Why It Rules: Hip-hop might be seen as the genre where politics and injustice get addressed, but Rosenstock reminds us that few things sound more rebellious and feel more cathartic than a rock band blowing the windows out of a garage. But POST- runs so much deeper than just feeling pissed off over election results. “These songs are about losing hope in your country, yourself, and those around you,” explains Rosenstock. Songs like “USA”, “Yr Throat”, and “All This Useless Energy” perfectly capture the overwhelming feelings of trying to find balance among people we thought we knew in a country we no longer recognize. Rosenstock is one of the few songwriters to truly tap into the wide range of complex emotions that Americans are wrestling with during this administration. To hear your mind and heart shout-sung back at you makes it all the more clear that this cannot become our new normal. –Matt Melis
13. Snail Mail – Lush
Origin: Ellicott City, Maryland
The Gist: Right before the summer of 2018 formally kicked in, but long after its spirit arrived in the form of rivers of sweat down our backs, 19-year-old Lindsey Jordan released her knockout debut full-length record under the name Snail Mail, expressing vulnerability and confidence in equal measure.
Why It Rules: Lush sounds like summer break, like having so much time to think and feel, and only just beginning to realize that it might not be that way forever. Throughout Lush, Jordan’s voice is round, full, and unabashed. Her guitar is just as brazenly honest, the instrument working almost like a supporting vocalist or lyrical companion to the singer. The album is not without its moments of youthful myopia, but rather than sparking bitterness or jadedness, Jordan simply brings out in the listener a deep and aching empathy. –Kayleigh Hughes
12. Kendrick Lamar and Various Artists – Black Panther: The Album
The Gist: For easily the most anticipated inclusion in the Marvel Cinematic Universe, director Ryan Coogler tapped Kendrick Lamar and his pals at Top Dawg Entertainment to soundtrack the vivid world of Wakanda. What came to fruition is a muscular 50-minutes of A-list hip-hop and R&B, all from superstars like The Weeknd, SZA, Vince Staples, Future, Schoolboy Q, 2 Chainz, BadBadNotGood, Ab-Soul, Anderson. Paak, and, oh yeah, James Blake. In other words, it’s basically Coachella: The Album.
Why It Rules: Look, these kinds of star-studded projects are traditionally dead on arrival — most of the time, everyone trips over each other or wedges in lame ass lines tied to the movie — but there’s so much creative life in Black Panther: The Album. Everyone tries to write The Big Single, and when you have K. Dot for the assist (at least most of the time), it’s hard to fuck that up. Vince Staples sounds like he’s spitting verses from a hoverboard on “Oops”, The Weeknd puts another club anthem on demand with “Pray For Me”, and both Kendrick and SZA wield some of their 2017 magic into the all-too-addicting ballad, “All the Stars”. It’s a soundtrack that leaves everyone looking like an antelope in headlights. –Michael Roffman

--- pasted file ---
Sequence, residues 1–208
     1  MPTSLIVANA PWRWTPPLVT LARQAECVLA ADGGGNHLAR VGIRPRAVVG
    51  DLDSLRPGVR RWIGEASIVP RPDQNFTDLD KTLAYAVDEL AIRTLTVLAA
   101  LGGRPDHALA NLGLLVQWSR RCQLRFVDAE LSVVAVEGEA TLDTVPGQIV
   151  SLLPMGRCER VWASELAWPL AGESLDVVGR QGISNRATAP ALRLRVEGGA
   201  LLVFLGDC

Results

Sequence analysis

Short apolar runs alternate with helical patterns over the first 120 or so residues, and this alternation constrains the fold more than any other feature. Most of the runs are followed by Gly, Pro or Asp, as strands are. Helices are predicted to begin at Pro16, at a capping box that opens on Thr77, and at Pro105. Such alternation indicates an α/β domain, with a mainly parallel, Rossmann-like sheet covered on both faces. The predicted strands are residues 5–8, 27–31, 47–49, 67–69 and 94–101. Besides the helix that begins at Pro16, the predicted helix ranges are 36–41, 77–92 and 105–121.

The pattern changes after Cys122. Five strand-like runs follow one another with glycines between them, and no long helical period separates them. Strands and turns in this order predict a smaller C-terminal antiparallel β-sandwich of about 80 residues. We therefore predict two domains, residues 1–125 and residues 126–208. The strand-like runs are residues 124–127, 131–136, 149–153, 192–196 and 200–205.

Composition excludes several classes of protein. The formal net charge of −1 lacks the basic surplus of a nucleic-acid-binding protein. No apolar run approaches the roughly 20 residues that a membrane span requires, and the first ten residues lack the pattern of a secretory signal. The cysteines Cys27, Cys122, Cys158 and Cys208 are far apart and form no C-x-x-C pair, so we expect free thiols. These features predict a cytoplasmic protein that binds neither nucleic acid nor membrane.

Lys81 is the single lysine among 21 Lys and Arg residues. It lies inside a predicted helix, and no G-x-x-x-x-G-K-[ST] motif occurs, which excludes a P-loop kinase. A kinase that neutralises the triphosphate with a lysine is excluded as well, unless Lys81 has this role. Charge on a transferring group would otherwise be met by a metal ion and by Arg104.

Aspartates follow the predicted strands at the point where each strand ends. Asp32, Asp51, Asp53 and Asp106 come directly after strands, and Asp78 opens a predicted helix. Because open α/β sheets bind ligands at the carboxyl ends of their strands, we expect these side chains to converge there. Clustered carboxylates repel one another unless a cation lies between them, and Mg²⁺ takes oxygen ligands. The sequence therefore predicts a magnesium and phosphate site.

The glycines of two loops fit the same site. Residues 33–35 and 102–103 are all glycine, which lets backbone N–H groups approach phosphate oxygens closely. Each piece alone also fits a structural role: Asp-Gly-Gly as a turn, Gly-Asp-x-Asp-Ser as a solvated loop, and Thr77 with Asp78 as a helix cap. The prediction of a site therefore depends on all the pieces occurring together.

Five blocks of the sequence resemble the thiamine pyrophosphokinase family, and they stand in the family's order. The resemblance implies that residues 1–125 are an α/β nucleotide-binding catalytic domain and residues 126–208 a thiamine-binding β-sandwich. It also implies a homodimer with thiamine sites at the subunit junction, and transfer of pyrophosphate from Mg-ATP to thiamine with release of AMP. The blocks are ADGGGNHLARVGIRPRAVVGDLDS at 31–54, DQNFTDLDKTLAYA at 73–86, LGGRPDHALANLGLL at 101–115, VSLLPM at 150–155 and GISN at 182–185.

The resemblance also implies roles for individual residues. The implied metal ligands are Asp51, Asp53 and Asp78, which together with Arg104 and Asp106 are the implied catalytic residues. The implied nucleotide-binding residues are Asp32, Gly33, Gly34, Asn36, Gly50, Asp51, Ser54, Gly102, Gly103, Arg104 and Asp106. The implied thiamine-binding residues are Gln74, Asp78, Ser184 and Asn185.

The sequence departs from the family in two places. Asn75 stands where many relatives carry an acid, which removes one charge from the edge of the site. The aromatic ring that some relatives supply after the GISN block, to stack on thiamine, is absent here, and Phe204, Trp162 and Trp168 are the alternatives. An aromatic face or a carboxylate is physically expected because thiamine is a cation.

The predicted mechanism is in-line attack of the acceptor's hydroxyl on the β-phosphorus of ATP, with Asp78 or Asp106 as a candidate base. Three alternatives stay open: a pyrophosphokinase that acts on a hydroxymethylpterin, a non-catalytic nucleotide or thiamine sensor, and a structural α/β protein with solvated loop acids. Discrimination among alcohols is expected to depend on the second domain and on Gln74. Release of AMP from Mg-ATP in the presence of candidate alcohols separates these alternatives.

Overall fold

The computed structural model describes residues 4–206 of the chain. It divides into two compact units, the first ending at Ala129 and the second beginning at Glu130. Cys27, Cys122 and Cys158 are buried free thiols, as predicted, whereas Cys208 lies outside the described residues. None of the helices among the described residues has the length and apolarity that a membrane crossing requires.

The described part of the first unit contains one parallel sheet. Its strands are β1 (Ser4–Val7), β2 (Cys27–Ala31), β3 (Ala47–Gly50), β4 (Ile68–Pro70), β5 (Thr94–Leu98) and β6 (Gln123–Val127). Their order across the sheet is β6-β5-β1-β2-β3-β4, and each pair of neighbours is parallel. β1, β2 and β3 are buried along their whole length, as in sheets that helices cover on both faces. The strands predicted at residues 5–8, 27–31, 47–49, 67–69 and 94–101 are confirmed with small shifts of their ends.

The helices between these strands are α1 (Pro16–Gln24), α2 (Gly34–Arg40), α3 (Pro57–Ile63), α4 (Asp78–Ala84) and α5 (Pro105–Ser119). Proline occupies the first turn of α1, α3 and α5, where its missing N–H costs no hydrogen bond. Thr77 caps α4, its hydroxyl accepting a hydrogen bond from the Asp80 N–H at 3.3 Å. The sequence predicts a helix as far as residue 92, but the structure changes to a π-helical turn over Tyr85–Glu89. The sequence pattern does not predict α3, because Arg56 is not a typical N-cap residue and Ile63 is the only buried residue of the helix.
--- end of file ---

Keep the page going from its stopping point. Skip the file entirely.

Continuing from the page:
11. Oneohtrix Point Never – Age Of
Origin: The Gist: Wayland, Massachusetts
The Gist: Like a journey through a Graceland-like mansion where every room has been designed and decorated using a computer-randomizing program, Daniel Lopatin invites you to explore the glittering weirdness and small pockets of absolute beauty contained within the walls of his latest album, Age Of.
Why It Rules: Everything you need to know about how Lopatin has found the threads connecting high art and low culture is that, on this new album, he samples both a modern classical piece by Jocelyn Pook and a MAD TV skit. Apparently, nothing escapes his gaze, and his music is all the better for it. Age Of was built by trial and error between Lopatin’s ceaseless production and soundtrack work. The album’s scattershot feel is, in that way, a feature, not a bug, keeping your attention centered as he goes from noisy fireworks to beautiful, Asian-inspired post-trap to future R&B. –Robert Ham
10. Cardi B – Invasion of Privacy
Origin: New York City, New York
The Gist: After topping the charts with her breakthrough single “Bodak Yellow” in 2017, stripper-turned-social-media-star-turned-rapper Belcalis Almanzar, aka Cardi B, cemented her status as a dominating force in pop and hip-hop with the release of Invasion of Privacy. Anyone expecting a thrown-together mishmash of singles was quickly proven wrong; as we’re all learning, underestimating Almanzar never pays off. Expect to hear cuts from this brilliantly brash and clever album blasting from car windows all summer.